I have thought of a pulley to raise me gradually; but that would give me pain, as it would counteract my natural inclination. I would have something that can dissipate the inertia and give elasticity to the muscles. We can heat the body, we can cool it; we can give it tension or relaxation; and surely it is possible to bring it into a state in which rising from bed will not be a pain.
They that have grown old in a single state are generally found to be morose, fretful and captious; tenacious of their own practices and maxims; soon offended by contradiction or negligence; and impatient of any association but with those that will watch their nod, and submit themselves to unlimited authority.
No man will be a sailor who has contrivance enough to get himself into a jail; for being in a ship is being in a jail, with the chance of being drowned. A man in a jail has more room, better food and commonly better company.
The trade of advertising is now so near perfection that it is not easy to propose any improvement. But as every art ought to be exercised in due subordination to the public good, I cannot but propose it as a moral question to these masters of the public ear, whether they do not sometimes play too wantonly with our passions.
Wine gives a man nothing. It neither gives him knowledge nor wit; it only animates a man, and enables him to bring out what a dread of the company has repressed. It only puts in motion what had been locked up in frost.
From those bright regions of eternal day, Where now thou shin'st amongst thy fellow saints, Array'd in purer light, look down on me! In pleasing visions and delusive dreams. O! sooth my soul, and teach me how to lose thee.
When first the college rolls receive his name, The young enthusiast quits his ease for fame; Through all his veins the fever of renown Burns from the strong contagion of the gown. . . . . . . . . . . . . . . . . Deign on the passing world to turn thine eyes, And pause awhile from letters, to be wise; There mark what ills the scholar's life assail,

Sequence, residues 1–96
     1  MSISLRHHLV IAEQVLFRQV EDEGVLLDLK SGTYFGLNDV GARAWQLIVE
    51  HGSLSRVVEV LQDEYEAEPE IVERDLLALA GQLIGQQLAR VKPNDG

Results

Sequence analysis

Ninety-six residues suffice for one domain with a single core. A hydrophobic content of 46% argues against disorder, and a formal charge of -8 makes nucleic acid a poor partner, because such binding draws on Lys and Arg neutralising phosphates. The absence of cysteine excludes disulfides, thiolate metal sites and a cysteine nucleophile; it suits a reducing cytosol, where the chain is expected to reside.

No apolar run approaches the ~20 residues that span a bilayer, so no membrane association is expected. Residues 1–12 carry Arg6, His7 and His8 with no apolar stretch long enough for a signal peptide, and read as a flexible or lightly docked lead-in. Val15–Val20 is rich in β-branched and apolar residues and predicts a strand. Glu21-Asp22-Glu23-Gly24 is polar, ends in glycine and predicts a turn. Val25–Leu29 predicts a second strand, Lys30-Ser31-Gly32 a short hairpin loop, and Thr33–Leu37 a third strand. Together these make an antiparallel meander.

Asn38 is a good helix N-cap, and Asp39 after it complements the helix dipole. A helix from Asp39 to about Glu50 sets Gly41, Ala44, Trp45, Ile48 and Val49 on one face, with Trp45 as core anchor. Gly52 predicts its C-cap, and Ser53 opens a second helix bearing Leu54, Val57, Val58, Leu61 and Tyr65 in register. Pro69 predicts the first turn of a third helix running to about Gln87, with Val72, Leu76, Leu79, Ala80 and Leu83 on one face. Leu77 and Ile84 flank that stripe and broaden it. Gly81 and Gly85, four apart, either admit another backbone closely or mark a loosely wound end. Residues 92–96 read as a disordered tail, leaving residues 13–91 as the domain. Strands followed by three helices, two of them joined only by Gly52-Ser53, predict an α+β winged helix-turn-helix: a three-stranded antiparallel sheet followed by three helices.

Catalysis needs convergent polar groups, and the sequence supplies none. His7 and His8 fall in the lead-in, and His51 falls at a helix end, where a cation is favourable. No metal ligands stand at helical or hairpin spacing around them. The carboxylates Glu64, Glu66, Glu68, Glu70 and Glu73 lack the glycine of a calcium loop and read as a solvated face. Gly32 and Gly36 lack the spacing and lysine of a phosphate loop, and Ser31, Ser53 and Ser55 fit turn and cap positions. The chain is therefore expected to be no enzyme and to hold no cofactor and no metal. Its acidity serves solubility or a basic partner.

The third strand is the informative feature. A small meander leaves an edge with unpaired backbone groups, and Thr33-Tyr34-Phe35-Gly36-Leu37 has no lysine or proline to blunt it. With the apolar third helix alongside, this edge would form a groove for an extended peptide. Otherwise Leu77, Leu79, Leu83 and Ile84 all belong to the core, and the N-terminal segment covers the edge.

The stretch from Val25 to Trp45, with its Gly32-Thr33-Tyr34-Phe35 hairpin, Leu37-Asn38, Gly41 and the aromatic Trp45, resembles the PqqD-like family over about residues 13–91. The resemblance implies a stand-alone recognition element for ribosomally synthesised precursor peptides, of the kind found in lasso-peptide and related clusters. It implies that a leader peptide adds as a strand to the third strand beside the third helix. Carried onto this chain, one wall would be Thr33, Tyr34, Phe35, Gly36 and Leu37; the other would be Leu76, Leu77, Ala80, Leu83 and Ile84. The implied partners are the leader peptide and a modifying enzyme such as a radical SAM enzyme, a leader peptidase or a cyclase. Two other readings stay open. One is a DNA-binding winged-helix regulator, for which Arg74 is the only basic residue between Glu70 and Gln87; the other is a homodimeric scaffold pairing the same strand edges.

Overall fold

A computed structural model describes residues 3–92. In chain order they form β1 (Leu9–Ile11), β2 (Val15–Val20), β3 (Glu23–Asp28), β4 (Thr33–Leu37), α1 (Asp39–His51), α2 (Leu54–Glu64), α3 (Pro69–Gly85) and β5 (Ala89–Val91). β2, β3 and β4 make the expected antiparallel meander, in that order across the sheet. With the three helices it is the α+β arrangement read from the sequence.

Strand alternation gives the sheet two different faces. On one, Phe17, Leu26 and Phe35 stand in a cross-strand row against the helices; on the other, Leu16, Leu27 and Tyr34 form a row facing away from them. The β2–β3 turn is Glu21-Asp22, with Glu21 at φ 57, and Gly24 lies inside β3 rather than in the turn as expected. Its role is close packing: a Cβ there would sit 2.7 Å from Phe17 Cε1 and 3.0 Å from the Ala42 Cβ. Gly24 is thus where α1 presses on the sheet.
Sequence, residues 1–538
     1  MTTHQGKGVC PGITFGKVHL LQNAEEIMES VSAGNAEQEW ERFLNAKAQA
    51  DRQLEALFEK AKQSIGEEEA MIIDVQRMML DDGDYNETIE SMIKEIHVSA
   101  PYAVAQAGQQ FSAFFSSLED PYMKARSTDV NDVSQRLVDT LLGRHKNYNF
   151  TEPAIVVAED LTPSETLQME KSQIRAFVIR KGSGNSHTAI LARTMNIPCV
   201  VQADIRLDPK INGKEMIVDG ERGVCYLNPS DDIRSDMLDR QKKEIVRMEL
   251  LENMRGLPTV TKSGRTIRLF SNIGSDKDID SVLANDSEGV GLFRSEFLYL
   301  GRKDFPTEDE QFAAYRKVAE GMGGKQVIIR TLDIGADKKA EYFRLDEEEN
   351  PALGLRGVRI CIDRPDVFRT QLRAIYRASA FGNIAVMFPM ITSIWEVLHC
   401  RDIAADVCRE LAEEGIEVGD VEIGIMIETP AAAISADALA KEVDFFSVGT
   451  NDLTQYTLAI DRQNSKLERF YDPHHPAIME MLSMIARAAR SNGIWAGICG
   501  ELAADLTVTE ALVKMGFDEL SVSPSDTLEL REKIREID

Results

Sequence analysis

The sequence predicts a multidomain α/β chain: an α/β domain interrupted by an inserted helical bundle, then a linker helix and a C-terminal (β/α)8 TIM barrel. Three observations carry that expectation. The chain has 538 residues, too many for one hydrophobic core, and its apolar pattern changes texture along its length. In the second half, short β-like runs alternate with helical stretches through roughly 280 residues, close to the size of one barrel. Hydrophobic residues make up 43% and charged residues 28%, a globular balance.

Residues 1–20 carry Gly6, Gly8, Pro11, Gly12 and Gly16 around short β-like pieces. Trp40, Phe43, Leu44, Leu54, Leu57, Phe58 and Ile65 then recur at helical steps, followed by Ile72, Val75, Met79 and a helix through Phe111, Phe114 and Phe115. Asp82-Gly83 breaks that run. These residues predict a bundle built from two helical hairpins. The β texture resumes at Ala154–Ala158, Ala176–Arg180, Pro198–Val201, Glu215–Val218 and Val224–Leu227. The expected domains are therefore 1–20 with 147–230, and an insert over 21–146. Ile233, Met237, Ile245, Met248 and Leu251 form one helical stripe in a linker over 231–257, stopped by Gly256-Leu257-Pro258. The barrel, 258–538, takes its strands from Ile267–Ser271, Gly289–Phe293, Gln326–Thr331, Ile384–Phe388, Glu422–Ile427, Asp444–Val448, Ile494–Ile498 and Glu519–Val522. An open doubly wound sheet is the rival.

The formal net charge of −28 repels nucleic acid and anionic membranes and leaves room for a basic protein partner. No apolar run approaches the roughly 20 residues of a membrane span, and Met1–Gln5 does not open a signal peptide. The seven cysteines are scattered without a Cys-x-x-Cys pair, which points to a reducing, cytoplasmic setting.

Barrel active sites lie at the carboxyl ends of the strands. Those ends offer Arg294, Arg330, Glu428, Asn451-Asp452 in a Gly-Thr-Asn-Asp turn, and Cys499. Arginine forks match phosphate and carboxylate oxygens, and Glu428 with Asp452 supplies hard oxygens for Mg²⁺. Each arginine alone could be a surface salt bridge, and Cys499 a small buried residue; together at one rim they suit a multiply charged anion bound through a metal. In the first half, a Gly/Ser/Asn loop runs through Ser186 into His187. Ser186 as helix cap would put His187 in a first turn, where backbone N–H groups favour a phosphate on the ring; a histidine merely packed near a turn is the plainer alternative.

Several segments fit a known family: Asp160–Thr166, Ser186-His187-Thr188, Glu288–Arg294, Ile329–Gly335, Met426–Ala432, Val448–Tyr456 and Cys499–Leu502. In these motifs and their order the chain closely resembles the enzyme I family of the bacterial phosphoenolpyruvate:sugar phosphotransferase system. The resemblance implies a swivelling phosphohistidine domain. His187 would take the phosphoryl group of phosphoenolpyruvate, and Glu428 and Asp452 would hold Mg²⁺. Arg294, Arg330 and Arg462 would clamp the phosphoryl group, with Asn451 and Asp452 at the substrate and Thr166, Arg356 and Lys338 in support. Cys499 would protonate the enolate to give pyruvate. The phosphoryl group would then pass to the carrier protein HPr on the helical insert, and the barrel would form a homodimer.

Toil, envy, want, the patron, and the jail.
Composition is, for the most part, an effort of slow diligence and steady perseverance, to which the mind is dragged by necessity or resolution, and from which the attention is every moment starting to more delightful amusements.
So different are the colors of life, as we look forward to the future, or backward to the past; and so different the opinions and sentiments which this contrariety of appearance naturally produces, that the conversation of the old and young ends generally with contempt or pity on either side.
Youth enters the world with very happy prejudices in her own favor. She imagines herself not only certain of accomplishing every adventure, but of obtaining those rewards which the accomplishment may deserve. She is not easily persuaded to believe that the force of merit can be resisted by obstinacy and avarice, or its luster darkened by envy and malignity.
The mind is never satisfied with the objects immediately before it, but is always breaking away from the present moment, and losing itself in schemes of future felicity. The natural flights of the human mind are not from pleasure to pleasure, but from hope to hope.
It is very natural for young men to be vehement, acrimonious and severe. For as they seldom comprehend at once all the consequences of a position, or perceive the difficulties by which cooler and more experienced reasoners are restrained from confidence, they form their conclusions with great precipitance. Seeing nothing that can darken or embarrass the question, they expect to find their own opinion universally prevalent, and are inclined to impute uncertainty and hesitation to want of honesty, rather than of knowledge.
The love of Retirement has, in all ages, adhered closely to those minds which have been most enlarged by knowledge, or elevated by genius. Those who enjoyed every thing generally supposed to confer happiness have been forced to seek it in the shades of privacy.